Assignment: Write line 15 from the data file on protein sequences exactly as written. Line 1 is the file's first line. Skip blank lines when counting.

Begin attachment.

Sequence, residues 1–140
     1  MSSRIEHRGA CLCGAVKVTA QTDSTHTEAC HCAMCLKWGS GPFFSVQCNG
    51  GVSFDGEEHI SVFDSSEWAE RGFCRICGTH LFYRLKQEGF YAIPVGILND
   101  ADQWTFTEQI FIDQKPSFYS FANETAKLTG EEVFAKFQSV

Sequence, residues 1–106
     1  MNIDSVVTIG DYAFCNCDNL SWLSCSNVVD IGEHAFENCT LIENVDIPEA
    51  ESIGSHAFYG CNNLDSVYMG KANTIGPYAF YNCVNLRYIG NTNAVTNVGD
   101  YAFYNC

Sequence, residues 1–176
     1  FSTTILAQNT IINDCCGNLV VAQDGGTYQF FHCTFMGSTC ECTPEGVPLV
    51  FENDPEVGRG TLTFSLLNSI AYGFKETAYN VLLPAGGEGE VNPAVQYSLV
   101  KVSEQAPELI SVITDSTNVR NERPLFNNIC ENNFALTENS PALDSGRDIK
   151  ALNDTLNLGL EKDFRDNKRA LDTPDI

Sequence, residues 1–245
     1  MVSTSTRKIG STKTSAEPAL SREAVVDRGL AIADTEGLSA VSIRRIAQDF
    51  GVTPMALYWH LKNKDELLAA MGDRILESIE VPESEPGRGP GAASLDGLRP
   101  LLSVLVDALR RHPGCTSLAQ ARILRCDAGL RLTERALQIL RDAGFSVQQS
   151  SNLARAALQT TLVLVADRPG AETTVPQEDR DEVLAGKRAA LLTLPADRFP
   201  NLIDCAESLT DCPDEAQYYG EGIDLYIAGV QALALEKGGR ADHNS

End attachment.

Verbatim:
     1  MVSTSTRKIG STKTSAEPAL SREAVVDRGL AIADTEGLSA VSIRRIAQDF